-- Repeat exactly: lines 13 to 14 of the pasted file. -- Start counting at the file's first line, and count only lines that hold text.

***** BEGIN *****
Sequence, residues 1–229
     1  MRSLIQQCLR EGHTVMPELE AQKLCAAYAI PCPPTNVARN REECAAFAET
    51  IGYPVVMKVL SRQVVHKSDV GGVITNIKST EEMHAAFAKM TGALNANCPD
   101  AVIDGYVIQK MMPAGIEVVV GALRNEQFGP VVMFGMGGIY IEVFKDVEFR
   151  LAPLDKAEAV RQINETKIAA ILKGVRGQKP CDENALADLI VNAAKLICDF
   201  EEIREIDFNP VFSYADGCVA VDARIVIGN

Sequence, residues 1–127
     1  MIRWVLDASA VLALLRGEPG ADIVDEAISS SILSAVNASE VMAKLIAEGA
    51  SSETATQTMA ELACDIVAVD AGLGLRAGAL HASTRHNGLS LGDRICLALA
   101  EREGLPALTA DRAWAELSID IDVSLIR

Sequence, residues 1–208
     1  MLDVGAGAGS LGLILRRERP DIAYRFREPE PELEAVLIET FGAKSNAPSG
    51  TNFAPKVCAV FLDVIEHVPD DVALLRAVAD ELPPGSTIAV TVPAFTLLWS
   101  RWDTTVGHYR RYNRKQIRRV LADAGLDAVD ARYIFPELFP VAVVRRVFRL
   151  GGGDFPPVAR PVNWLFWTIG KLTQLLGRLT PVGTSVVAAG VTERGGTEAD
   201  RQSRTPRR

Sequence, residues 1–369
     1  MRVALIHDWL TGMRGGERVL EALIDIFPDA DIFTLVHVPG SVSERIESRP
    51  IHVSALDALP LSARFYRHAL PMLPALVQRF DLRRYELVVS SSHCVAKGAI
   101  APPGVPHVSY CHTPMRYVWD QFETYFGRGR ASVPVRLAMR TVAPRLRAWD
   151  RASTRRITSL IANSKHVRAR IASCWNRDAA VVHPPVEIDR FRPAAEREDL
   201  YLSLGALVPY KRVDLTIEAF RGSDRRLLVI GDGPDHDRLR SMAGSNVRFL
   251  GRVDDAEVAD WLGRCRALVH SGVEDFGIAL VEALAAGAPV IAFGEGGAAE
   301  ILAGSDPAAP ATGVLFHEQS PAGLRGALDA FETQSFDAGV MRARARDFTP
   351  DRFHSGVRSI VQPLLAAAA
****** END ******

    51  TNFAPKVCAV FLDVIEHVPD DVALLRAVAD ELPPGSTIAV TVPAFTLLWS
   101  RWDTTVGHYR RYNRKQIRRV LADAGLDAVD ARYIFPELFP VAVVRRVFRL